Seattle architect James Eustace Blackwell was born in Fauquier County, Virginia in September of 1855. He was trained as a civil engineering at the Bethel Military Academy in Warrenton, VA, and graduated as a 1st Lieutenant. His skills in civil engineering prepared him well for an initial career in surveying. Reportedly upon graduation he worked as a civil engineer, engaging in land surveying and engineering on the James River and Kanawha Canal in Virginia. Then in 1888 he took a job in Washington, DC working in the office of Federal Supervising Architect.
Some reports indicate that Blackwell practiced architecture in Rochester, NY before arriving in the Pacific Northwest in 1891, although this has not been verified. He most likely came to Washington State to work on a design for the first drydock at the Puget Sound Naval Ship Yard in Bremerton. While working on the project he lived in Charleston (a suburb of Bremerton). Active in social and political circles, Blackwell sat on the town council and eventually became mayor.
During this same time period he also entered into a partnership with architect Robert L. Robertson. The firm Robertson & Blackwell first had offices in Tacoma (1891-1893), but then moved to Portland, Oregon for a short time (1894-1897) before opening up an office in Seattle (1897-c.1906). Known projects by the firm include the Louderback Building (1890) in Tacoma; Vorhees’ Grain Elevator (1891) also in Tacoma; the Puyallup Opera House (1891); a warehouse for the Puget Sound Machinery Depot (1902); and a rear addition to the Yesler Building (c.1904) in Seattle.
For a few year, Blackwell had his own firm (c.1907 – 1910). Project during this time include the M.F. Backus Warehouse (1907); the E.O. Graves Warehouse Building (1908); Mrs. Kate Faji Duplex (1909); and the Colsky Building (c.1909), all in Seattle.
In 1911, Blackwell formed a new partnership with Frank L. Baker (1911-1922). Together the firm of Blackwell & Baker designed the Grand Trunk Dock (1911); the James A. Kerr House (1911); the Alfred Battle House (1911); the Bellingham Armory (1912); the Wenatchee Library (1911); and the Boardman Building (1912) in Olympia. Projects during the later part of his career include the Carnegie Libraries in Olympia (1914) and Burlington (1916); and a proposed housing tract of over 100 homes for the Vancouver Home Company (1918), a subsidiary of the shipbuilder Arcadia.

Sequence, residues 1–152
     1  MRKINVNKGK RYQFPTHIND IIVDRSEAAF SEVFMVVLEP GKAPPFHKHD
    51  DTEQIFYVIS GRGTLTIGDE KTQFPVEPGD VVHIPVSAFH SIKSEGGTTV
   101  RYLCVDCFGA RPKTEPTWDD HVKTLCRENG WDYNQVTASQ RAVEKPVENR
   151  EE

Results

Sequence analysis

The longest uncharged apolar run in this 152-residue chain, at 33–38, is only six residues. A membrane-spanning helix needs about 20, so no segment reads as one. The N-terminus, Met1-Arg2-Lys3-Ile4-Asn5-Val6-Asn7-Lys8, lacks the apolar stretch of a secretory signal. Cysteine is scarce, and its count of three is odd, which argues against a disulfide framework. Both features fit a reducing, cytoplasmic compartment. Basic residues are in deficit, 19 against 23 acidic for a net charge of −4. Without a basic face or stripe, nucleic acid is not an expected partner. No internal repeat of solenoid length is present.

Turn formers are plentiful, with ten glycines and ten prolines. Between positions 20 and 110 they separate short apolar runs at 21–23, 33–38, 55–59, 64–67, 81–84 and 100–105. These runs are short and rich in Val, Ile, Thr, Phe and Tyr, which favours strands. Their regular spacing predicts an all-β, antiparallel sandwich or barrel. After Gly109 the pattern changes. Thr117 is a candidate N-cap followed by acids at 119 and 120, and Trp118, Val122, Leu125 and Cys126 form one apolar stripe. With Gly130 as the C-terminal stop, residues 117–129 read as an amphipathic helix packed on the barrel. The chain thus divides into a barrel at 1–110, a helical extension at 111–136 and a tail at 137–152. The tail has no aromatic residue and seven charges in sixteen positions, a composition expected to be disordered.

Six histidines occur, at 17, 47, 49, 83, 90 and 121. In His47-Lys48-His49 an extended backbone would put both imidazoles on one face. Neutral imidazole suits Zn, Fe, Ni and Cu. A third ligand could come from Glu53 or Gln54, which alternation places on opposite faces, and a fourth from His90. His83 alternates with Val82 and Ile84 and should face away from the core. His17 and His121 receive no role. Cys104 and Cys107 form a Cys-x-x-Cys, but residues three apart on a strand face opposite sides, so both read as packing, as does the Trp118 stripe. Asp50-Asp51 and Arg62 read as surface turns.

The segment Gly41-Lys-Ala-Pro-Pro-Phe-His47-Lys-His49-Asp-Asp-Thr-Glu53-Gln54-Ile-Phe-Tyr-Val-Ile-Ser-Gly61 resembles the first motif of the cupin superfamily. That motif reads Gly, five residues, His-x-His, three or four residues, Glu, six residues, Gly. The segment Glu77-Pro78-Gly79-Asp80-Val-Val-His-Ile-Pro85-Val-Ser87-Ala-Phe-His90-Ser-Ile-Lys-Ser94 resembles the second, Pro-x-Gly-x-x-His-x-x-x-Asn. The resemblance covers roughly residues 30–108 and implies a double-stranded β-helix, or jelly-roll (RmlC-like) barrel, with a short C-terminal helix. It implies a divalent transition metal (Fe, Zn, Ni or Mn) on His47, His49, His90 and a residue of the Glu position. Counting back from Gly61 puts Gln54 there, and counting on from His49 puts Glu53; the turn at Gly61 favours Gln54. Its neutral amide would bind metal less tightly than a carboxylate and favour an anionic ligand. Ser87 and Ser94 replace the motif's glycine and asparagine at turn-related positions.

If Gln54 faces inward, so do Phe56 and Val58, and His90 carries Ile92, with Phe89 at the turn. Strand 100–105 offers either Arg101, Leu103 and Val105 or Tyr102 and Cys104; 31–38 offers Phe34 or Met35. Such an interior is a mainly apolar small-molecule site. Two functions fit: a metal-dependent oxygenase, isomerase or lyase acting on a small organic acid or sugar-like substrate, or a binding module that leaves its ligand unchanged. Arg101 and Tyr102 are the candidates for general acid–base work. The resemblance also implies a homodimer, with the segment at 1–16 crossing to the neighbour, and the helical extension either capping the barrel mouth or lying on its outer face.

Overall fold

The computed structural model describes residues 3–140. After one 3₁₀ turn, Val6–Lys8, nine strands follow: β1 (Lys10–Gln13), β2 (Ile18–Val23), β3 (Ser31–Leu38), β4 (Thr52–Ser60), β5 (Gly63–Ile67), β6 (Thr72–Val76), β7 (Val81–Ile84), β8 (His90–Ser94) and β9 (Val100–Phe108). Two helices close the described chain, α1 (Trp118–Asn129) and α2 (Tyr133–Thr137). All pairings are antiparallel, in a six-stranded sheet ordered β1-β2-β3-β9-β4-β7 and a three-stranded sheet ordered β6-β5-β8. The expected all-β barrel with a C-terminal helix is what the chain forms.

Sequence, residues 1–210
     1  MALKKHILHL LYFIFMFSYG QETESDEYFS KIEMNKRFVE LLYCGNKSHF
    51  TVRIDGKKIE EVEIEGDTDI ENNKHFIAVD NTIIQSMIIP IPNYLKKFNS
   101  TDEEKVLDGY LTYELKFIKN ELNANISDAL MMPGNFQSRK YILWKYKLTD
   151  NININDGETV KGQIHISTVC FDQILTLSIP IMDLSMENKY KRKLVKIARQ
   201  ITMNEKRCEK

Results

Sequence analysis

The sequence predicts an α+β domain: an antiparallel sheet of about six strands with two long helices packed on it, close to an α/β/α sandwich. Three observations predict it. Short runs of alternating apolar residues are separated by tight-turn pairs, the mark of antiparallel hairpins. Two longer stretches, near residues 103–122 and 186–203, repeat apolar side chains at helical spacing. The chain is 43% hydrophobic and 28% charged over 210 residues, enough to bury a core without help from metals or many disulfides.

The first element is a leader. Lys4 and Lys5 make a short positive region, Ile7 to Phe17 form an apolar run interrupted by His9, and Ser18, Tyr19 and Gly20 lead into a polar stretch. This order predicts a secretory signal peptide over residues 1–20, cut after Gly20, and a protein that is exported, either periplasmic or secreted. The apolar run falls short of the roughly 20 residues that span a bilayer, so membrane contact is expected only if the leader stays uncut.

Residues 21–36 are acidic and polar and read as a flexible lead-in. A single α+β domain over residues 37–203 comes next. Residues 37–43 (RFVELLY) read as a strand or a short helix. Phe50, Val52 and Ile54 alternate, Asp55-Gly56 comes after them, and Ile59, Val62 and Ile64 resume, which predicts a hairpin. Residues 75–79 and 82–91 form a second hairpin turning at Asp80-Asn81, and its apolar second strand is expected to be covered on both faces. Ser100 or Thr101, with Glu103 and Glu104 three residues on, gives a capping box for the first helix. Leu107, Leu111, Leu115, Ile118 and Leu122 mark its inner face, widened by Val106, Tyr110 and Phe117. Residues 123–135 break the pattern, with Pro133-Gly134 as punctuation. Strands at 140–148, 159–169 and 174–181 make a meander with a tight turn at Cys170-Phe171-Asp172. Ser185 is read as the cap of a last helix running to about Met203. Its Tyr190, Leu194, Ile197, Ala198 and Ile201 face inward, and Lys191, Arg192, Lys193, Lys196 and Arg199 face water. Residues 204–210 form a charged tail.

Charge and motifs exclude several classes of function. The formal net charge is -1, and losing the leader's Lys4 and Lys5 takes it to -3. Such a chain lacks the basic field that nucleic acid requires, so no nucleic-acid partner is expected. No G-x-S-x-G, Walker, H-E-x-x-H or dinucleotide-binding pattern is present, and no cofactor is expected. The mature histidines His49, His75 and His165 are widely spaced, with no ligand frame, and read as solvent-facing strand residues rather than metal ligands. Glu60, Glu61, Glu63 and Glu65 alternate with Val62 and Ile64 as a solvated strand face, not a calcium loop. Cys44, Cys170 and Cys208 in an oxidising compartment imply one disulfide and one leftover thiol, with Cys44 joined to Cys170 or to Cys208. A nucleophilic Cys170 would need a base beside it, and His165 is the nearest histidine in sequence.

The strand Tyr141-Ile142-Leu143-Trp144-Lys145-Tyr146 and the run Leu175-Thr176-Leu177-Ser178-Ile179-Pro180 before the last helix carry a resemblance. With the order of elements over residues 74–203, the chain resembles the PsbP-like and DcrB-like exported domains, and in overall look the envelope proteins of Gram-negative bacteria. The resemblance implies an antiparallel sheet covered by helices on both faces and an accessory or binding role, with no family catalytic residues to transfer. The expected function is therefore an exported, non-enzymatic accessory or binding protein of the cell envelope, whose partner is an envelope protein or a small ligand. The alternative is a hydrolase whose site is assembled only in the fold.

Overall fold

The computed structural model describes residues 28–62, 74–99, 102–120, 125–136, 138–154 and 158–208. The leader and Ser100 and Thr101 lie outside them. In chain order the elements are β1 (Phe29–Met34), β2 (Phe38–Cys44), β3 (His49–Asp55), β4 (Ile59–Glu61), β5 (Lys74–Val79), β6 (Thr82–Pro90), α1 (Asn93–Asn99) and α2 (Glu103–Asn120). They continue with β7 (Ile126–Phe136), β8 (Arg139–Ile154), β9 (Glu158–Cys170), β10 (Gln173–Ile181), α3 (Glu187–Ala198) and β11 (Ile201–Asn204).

In 1917, for reasons unknown, the partnership was dissolved and Blackwell continued an independent practice for another 10+ years. During the early 1920s Blackwell served as the City Superintendent of Buildings (1920-22) for the City of Seattle.
Later projects, many of which have a Late Gothic Revival style, include the Fairfax Apartments (1923) on Capitol Hill; Shafer Building (1924) in downtown Seattle; and the Evans’ Building (1930) in Renton. His last known project was a large women’s ward building (Ward L-M) for Northern State Hospital (1933) in Sedro-Wooley.
Throughout his career, Blackwell was involved in a variety of social and civic organizations. He served as resident engineer for the United States Shipping Board (1918-1920). He was a member of the Board of Public Works, the Rainier Club, the Municipal League of Seattle, the Chamber of Commerce, the Seattle Zoning Commission, and was the director of the Commercial Club. Blackwell as also an active member of the Washington State Chapter of the AIA, serving as Seattle AIA President in 1905 and was a member of the Pacific Northwest Society of Engineers.
Blackwell died in Seattle on April 5, 1939 at the age of 83.
By Michael Houser, State Architectural Historian - July 2012